Alex Cho

About the Author Alex Cho

Best tech/finance blogger on TipRanks. Alex Cho is ranked 7th among all financial bloggers, with a sector focus of technology stocks. The research he publishes captures the long-term growth potential of tech franchises, and market valuation. His research recommendations over the span of five-years has averaged into an annualized return of 19.3% across 392 ratings of which 66% were successful. Over his years of publishing, Alex Cho has been an indispensable source of information for an investment minded audience, which is why his lifetime viewership has exceeded ten million in total since 2012, across various media platforms. Furthermore, he’s frequently cited in various local business journals across the United States, and is frequently tagged with the “in-depth” designation on Google News for his public articles. The quality of his research is well known, and is well-respected which is why he’s frequently cited by other authors, journalists, bloggers and experts. Alex Cho was a former founding partner of Alexander & Cohen Capital Management, has worked as a consultant for mid-stage tech companies looking to raise capital or form an exit strategy, with the most recent consultation billed to a client that was generating revenue of $10 million+ in the web domain/registrar segment. Alex Cho is frequently invited to interview members of management at various Fortune 500 tech companies’ due to his outstanding media credentials, and credibility. Furthermore, he frequently attends various tech media events at the request of the event organizers. Alex Cho has a great relationship with Wall Street and Silicon Valley, as well. In the Venture Capital Space, he has sources that are inclusive of VC Partners, and independent research from PitchBook, Mercury Data, eMarketer, MergermarketGroup, and so forth. Anyone facing the public with investment related material needs quality sources, which should be inclusive of insights from Private Equity and various sell-side institutions and debt rating agencies as well (Standard & Poor’s, Fitch, & Moody’s). Alex Cho publishes with the support of Bank of America Merrill Lynch, Morgan Stanley Americas, Royal Bank of Canada Capital Markets, United Bank of Switzerland AG, Barclays Americas, Goldman Sachs, J.P. Morgan, Credit Suisse AG, PiperJaffray, Wedbush Securities, Oppenheimer & Co., Nomura Securities, BMO Capital Markets, Raymond James, Pacific Crest, SunTrust, Mizuho Securities, Deutsche Bank and Canaccord Genuity. Alex Cho attended ASU via the MAPP program with a 3.76 GPA in business-finance. The genius behind Cho has less to do with his academic accomplishments, but rather his ability to navigate, adapt, and improve the quality of his work through all the activities he has engaged. In the past year, Alex Cho has launched a new marketplace service referred to as Cho’s Investment Research. To learn more about this service, or to receive article notifications, be sure sure to subscribe. We provide frequent updates via our Blog Posts, which goes out to our subscribers.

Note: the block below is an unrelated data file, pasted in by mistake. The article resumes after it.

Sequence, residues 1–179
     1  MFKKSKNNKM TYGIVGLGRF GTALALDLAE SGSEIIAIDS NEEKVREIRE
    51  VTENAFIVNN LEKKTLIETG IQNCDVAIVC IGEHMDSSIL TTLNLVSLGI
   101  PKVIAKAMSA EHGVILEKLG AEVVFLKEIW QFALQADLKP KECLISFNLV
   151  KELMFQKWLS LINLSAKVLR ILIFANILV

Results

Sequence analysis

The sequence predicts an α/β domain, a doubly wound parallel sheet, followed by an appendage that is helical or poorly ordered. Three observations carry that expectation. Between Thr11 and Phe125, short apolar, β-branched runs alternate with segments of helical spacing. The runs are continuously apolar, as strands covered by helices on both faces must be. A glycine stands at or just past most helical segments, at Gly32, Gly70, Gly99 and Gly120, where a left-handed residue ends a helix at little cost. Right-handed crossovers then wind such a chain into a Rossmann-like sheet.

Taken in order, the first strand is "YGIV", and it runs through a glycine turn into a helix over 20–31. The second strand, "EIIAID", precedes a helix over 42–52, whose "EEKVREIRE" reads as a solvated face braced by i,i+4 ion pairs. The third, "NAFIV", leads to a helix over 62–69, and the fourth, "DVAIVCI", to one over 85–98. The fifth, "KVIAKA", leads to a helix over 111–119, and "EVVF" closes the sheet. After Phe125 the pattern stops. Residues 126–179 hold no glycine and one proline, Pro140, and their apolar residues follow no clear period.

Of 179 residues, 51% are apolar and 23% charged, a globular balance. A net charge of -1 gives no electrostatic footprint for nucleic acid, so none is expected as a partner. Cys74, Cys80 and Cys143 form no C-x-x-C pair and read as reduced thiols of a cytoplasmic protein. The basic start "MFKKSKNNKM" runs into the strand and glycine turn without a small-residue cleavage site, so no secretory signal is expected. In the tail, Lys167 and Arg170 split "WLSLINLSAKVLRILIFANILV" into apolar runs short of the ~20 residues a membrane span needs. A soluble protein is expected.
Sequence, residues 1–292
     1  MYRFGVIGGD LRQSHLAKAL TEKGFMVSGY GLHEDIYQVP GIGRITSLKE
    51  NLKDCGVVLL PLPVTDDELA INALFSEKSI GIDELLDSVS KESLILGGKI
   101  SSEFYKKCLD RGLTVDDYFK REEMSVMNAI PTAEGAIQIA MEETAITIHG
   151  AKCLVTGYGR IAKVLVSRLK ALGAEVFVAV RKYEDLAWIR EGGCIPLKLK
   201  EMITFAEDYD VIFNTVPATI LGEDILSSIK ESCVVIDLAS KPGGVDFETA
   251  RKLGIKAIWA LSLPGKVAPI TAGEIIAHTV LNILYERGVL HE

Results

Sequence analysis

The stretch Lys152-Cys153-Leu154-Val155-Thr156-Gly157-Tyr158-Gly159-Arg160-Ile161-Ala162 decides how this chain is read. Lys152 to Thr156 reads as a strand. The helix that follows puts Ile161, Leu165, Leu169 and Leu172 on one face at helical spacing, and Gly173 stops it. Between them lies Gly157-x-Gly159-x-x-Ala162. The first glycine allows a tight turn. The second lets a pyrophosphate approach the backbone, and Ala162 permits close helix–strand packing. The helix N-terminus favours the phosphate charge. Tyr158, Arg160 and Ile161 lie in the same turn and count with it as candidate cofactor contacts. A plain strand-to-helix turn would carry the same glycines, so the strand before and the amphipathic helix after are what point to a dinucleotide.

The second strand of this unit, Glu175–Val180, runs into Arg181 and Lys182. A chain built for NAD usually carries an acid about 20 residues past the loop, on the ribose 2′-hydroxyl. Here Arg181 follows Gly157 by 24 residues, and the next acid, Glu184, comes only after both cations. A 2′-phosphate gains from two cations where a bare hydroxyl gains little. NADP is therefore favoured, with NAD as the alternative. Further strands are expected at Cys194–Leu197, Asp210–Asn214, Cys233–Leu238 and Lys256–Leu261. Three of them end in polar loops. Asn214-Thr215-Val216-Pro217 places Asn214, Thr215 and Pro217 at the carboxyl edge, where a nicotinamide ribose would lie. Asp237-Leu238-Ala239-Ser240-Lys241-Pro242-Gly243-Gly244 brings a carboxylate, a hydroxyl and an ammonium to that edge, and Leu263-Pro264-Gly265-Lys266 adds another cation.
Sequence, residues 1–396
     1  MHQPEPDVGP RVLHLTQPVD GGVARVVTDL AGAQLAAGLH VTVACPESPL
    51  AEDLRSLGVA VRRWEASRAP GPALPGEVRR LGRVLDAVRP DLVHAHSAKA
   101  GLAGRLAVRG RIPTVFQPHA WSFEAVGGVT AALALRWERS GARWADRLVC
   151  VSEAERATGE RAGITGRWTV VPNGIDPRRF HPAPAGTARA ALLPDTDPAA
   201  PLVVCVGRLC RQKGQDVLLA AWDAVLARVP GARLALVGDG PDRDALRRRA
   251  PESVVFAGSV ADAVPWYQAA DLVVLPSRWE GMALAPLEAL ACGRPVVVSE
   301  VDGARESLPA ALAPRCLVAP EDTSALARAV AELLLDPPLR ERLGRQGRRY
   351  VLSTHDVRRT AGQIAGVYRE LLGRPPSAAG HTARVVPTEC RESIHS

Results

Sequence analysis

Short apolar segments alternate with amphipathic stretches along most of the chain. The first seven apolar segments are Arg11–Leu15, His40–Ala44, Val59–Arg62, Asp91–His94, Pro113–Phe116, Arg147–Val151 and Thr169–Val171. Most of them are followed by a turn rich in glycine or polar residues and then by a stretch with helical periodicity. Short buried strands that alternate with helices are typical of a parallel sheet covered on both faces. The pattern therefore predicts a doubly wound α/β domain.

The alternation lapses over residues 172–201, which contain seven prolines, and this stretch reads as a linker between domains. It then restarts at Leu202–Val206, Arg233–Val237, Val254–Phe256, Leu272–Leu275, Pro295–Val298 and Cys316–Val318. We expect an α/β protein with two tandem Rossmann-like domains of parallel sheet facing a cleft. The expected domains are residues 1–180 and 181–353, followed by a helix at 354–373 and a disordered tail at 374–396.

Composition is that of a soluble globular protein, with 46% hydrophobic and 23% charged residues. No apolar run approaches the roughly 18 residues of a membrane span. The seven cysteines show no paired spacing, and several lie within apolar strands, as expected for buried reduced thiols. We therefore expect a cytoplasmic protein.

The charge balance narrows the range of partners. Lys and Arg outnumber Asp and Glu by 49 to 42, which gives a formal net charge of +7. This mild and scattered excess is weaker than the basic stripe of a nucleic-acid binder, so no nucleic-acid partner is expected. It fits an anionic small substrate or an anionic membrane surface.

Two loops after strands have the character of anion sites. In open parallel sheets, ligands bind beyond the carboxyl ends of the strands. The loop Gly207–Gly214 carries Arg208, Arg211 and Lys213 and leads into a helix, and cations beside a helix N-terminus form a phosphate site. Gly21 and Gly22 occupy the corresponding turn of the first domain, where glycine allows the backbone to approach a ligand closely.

Amazon (AMZN) Makes Strides in the Grocery Game; Stock Remains a Strong Buy


Amazon (AMZN) is set to leverage its global e-commerce footprint tied to its grocery chain acquisition of Wholefoods Market in the coming days.

What has changed is the usage of prime subscriptions tied to the e-commerce business to give customers of Wholefoods a discount at checkout. On first impression the entry into the grocery segment has been a bit of a rocky one, but it did lead to some revenue and earnings accretion in the past year.